Monday, April 18, 2011


It's holy week. The pace of Jesus' life and ministry on earth moved something like a horse picking up speed.  It begins with a word and a song--to a young girl, and bursting from her in response.  And slows to wait--as life always does--through the nine months it takes to incubate within the safest place a person ever lives, protected on every side by his mother's body.  There are a few bumps in his early life, if one can call having to flee a tyrant who wants to kill him (and successfully murders every other male child his age in town) and settling in the far-off (but history-mimicking) nation of Egypt a mere bump, but generally speaking, this God-man Incarnate's early life was so calm and smooth-sailing we know only one thing about it.  Only that one 'look-in' in his twelfth year, when He stayed in the temple bewildering even scholars by what He understood/knew about His father. That look in only confirmed that He was growing in wisdom and stature, pleasing both God and man at exactly the pace of every human being.  Years were simply years, no faster, no more miraculous than that.

Thirty years in, which is far later than we expect our sons and daughters to begin their lives and livelihood, but oddly, at exactly the age my daughter recently learned that a male's brain finally finishes maturing (a female's is earlier, but that has no bearing here), our hero (and indeed, isn't He the only ABSOLUTE hero who's every lived?) begins His work.  To use our analogy, the horse begins to trot.  Truth is expounded and miracles abound.  Every action is purposeful, every word intentional.  His movement geographically (or sometimes lack of) might confound His followers, but He knows what He's about. Profoundly, He knows! (Are you enjoying my word choices--expound, abound, confound?  In our family, we like to play a game where we think of as many words we can with the same endings...and sometimes I just can't help myself, it tips over into my writing).

His face, the gospels remind us frequently, is set toward Jerusalem.  Toward this week.   This week, in the life of the Incarnate, reminds me a little like the Suicide Race held each year in the great northern middle-of-nowhere in this state where there's nothing much else to do but to climb on your horse and ride down the steep (33 degrees!!!) hill at a breakneck pace. Gee, sounds like fun.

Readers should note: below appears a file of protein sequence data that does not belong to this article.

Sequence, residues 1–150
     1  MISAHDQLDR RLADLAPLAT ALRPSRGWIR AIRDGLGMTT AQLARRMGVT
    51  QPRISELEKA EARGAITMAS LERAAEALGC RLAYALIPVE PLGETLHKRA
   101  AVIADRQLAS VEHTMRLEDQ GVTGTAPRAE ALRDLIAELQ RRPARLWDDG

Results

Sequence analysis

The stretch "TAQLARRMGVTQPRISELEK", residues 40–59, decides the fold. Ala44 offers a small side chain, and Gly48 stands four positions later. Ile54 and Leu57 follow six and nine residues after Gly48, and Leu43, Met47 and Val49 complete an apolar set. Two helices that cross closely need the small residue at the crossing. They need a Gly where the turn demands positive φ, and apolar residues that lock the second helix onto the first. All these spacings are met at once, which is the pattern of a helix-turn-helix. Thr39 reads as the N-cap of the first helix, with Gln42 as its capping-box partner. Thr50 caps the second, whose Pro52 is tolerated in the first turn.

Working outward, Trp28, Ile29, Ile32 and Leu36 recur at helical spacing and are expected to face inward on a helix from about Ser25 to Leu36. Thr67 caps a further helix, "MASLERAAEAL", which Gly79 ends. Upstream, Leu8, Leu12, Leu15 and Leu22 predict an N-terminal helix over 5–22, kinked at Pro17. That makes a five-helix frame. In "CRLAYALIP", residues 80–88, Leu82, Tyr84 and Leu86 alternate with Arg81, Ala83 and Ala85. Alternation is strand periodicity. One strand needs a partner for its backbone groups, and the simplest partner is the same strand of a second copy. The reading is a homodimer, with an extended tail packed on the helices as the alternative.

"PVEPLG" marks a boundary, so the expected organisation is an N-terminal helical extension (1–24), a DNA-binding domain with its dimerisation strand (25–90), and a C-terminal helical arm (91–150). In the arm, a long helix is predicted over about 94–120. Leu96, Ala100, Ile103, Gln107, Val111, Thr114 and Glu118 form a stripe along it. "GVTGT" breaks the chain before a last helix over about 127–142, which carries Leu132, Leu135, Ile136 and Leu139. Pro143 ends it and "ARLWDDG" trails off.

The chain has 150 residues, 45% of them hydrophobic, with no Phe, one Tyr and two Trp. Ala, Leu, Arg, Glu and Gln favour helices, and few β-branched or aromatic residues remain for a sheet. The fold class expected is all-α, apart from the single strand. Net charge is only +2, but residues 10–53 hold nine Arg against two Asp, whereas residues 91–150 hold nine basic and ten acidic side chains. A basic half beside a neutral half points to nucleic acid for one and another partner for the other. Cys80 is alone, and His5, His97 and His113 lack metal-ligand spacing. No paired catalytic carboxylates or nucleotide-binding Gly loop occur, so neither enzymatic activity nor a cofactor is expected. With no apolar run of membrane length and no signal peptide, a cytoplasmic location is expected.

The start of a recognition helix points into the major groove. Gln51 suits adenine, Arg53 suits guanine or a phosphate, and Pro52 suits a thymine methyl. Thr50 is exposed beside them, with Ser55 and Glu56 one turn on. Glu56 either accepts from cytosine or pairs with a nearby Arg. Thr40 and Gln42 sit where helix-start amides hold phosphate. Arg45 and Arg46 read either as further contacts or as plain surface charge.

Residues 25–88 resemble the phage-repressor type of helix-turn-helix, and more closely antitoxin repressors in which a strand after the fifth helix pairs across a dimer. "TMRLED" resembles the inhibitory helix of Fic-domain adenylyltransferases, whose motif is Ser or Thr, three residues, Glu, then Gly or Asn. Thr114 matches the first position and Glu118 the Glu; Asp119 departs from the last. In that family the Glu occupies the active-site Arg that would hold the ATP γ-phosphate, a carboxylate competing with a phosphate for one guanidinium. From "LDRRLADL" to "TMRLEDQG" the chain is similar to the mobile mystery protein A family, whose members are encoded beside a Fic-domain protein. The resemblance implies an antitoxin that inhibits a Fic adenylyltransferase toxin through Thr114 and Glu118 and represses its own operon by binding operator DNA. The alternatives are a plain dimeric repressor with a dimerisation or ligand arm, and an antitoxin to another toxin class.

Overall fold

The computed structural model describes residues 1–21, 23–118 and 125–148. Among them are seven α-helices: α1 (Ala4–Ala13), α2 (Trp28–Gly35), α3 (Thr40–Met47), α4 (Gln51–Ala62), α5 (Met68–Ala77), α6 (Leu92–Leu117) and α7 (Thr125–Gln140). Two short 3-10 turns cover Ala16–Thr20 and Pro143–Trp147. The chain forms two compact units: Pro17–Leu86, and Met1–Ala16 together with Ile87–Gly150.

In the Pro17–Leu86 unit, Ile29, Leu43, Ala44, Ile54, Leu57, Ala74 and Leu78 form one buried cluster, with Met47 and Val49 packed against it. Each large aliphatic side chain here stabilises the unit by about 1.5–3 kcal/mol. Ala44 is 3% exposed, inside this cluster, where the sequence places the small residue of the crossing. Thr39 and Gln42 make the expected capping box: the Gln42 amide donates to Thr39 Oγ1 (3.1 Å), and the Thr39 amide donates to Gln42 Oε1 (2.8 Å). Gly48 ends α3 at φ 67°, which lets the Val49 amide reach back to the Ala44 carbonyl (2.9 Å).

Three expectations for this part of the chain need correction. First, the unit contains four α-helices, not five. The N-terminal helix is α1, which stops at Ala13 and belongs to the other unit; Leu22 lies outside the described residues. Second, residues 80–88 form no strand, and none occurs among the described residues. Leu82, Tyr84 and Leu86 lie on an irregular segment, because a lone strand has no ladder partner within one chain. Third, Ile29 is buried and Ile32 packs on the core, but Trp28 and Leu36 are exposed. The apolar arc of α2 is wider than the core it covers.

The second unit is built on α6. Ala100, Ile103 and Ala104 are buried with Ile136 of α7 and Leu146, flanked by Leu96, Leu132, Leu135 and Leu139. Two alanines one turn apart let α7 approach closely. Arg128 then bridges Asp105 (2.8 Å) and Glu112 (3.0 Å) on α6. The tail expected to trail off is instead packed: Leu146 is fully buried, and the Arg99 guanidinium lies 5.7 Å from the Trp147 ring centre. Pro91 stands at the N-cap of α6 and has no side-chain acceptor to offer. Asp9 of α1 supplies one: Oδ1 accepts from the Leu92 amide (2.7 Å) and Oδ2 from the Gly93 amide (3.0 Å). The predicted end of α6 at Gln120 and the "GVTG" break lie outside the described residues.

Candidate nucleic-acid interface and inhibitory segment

But this is what Jesus' last week was a little like.  It was a steep down-hill gallop toward that steep hill up to the cross.  And more happened in that one week than had happened in the rest of his life on earth combined.  What am I saying?  Of course more happened then.  It was the climax, after all.  The place and event and moment toward which He was always moving, always. 
So at the same breakneck speed, we move through these cataclysmic events, these seven days that change the world.  After the first seven, no other week in history have held more, and meant more to all eternity.
With purpose in his stride, and some well-placed anger in His voice, He turns the wrath of Himself on His Father's house, the very place where folks, 20 years earlier, had first sat up and took notice of Him, first heard Him call it, "My Father's house." I'm sure, as He stood in that marketplace of a Temple He was remembering the sweetness of sitting with the older, learned men and talking with them about the mysteries of God.  Remembering, too, the day when Solomon finished building that temple, and the ones when the place of worship was a tabernacle in the wilderness.  All of those memories were present to Him when He blew up, as it were, at what that Holy place had become.  Of course He blew up, and of course it was right.  If we want to understand righteous anger, we must look at Jesus in the temple.  And stand a moment in His shoes. 

Oh, but wait.  We can't.  We can't stand in His shoes, can we?  We weren't there before the world began, or even when God breathed life into humans and the air was pure and clean and no one had hit or hurt anyone yet.  The one who slithered his way through the fresh, new grass of the garden and wound his lies around the tree of life came before we did...but not before He did.  We have no memory before sin--our own or anyone else's--but He does.  That gives Him the right footing, so to speak, from which to feel and express anger at what sin has done.  And though we have that same right--the right to feel and express anger at sin--none of us have the same footing as Christ.  There is none righteous, no, not one.  At least not on Monday.  Not if we're looking at life through the lens of this week, this most holy, but pain-filled week.

Yes, it's Monday.  And He began the week with a righteous anger, overturning tables, upsetting the applecart that began the stampede that led to the cross.  And He knew it would.    He knew exactly what He was doing that day.  It's Monday.  But, to paraphrase Tony Compolo, Friday's coming.

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